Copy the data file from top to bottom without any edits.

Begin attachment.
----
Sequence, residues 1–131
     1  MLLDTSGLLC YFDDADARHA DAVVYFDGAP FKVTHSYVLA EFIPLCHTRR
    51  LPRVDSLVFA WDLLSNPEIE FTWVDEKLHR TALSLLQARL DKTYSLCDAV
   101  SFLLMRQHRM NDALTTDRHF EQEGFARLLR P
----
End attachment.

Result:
Sequence, residues 1–131
     1  MLLDTSGLLC YFDDADARHA DAVVYFDGAP FKVTHSYVLA EFIPLCHTRR
    51  LPRVDSLVFA WDLLSNPEIE FTWVDEKLHR TALSLLQARL DKTYSLCDAV
   101  SFLLMRQHRM NDALTTDRHF EQEGFARLLR P